Water & Sanitation
All water and sanitation projects undertaken by The Maa Trust are done in partnership with Dig Deep. Dig Deep’s Mara field officer, Jonathan Sairowua, is based at The Maa Trust’s HQ.
Few schools in the Maasai Mara have access to clean drinking water or adequate, safe sanitation facilities. This results in children not being able to concentrate due to thirst, and many school days missed from preventable illnesses. In partnership with Dig Deep, we work with schools around the Mara to provide clean water and toilets, which break the cycle of poverty and enable children to focus on learning.
Water for Livestock
Livestock are an inextricable part of Maasai family life, but the subdivision of land and creation of community-owned conservancies has restricted access to traditional watering points for domestic animals. Conservancies have grazing schemes for cattle that allow herds into specific areas within conservancies during pre-agreed periods. However, sheep and goats are not permitted access into conservancies as they destroy habitat, pulling up grass and vegetation by the roots. In order to ease the potential conflict created by pastoralists demanding access to water inside conservation areas for their livestock, The Maa Trust develops water points on the border of conservancies. This is one of the greatest aids to conservation in the area, as it secures the core of the protected lands for wild species to thrive, as well as eliminating conflict between cattle and predators.
Community Water Projects
Water is life, and it is imperative that communities have access to clean, safe and reliable sources to avoid health implications and negative impact on the environment.
At the Maa Trust we base all of our projects on innovation, sustainability, efficiency and practicality. We have found that extracting water from the ground is not only expensive, but incurs major issues that can easily be avoided:
- Ground water in the Maasai Mara is very high in salts, and natural fluoride levels are double the WHO fit-for-consumption guidelines. Fluoride filters are very expensive and difficult for communities to maintain.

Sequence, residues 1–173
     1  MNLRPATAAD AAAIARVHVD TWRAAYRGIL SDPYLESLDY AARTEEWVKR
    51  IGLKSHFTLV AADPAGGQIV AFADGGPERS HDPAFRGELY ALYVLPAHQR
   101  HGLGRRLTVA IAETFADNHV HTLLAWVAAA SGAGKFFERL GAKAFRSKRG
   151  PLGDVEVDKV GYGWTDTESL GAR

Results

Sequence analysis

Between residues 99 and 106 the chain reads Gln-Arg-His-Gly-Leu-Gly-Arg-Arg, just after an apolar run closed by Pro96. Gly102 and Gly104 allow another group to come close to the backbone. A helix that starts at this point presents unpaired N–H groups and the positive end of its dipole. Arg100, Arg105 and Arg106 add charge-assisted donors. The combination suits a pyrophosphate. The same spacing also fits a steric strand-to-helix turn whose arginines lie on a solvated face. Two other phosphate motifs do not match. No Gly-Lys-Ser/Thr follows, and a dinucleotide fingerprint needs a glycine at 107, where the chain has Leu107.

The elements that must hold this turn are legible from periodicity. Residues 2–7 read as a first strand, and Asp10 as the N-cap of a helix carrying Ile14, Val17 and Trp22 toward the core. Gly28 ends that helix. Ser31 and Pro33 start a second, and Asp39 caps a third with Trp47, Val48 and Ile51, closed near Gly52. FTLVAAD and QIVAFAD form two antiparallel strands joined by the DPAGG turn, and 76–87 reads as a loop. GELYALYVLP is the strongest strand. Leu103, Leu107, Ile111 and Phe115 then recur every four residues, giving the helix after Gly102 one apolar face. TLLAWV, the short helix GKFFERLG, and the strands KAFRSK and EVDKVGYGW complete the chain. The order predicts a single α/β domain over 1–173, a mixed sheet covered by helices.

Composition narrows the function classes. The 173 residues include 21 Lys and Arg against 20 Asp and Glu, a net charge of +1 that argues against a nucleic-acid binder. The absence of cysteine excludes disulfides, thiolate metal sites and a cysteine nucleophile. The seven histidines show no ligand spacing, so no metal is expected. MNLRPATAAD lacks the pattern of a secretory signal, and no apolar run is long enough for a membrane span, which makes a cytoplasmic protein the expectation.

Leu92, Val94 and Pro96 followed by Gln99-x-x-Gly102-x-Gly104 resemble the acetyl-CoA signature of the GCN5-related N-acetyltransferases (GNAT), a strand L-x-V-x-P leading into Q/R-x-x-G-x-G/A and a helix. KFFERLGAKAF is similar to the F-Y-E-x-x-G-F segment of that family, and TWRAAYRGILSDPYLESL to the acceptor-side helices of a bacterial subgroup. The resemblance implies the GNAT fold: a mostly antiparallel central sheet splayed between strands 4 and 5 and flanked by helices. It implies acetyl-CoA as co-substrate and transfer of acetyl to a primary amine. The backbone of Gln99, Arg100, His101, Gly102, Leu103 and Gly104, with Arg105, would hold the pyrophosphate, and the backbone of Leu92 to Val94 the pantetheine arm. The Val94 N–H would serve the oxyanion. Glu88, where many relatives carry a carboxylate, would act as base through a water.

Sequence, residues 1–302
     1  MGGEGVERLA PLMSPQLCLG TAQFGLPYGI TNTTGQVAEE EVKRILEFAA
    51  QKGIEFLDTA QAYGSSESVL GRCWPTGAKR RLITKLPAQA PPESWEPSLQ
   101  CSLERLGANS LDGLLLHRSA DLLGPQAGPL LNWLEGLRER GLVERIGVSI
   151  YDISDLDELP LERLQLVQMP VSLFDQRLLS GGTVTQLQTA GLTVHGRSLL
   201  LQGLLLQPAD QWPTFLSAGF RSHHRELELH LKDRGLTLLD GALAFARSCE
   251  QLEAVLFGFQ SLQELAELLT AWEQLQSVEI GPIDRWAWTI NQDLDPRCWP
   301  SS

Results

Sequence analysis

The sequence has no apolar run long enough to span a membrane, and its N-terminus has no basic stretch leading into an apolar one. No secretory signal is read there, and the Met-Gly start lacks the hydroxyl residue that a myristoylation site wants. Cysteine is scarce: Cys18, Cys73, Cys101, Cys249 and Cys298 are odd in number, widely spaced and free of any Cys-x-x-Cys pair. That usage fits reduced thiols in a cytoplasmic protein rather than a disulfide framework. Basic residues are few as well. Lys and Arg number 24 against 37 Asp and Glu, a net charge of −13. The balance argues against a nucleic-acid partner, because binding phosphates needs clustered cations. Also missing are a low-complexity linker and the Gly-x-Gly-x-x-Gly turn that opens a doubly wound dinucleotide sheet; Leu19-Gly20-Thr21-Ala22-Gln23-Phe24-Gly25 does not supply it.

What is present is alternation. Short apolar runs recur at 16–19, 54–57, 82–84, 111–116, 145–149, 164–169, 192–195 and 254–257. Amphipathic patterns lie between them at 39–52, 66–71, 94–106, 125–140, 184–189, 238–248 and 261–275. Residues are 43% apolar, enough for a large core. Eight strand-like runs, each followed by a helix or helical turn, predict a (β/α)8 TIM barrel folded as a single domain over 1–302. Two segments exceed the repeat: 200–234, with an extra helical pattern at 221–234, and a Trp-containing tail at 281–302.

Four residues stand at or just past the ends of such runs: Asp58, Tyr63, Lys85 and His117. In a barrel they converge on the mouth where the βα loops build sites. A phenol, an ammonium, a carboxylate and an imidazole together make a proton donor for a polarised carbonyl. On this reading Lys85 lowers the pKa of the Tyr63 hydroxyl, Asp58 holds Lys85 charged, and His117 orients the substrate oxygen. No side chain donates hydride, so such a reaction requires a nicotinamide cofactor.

- Boreholes are extremely costly and complicated to dig, build and upkeep. They also drain the underground water table, which has long term negative implications for the ecosystem.
- Solar panels are frequently stolen
- Wind turbines can be destroyed by storms
- Generators consume dirty fossil fuels and regularly break down.
Consequently we have found that sometimes the simplest solution is the best way forward, and so we are working with communities and professional collaborators to build large community rainwater-harvesting systems. Installed by Africa Water Bank, each village structure consists of a slanted iron sheet roof, totaling 1800m2 surface area, raised on tall posts, which drain into a 500,000l water tank.
Using just a small amount of chlorine to maintain purity, these initiatives guarantees a permanent supply of fresh, clean water to hundreds of families and thousands of school children. Further, these community rainwater-harvesting systems have no moving parts, nothing that can be stolen, and they are very easy to maintain.
We choose the sites for these projects very specifically, strategically locating them in close proximity to community areas but separate to the natural water sources favoured for livestock, so that domestic animals do not consume the clean water intended for human use.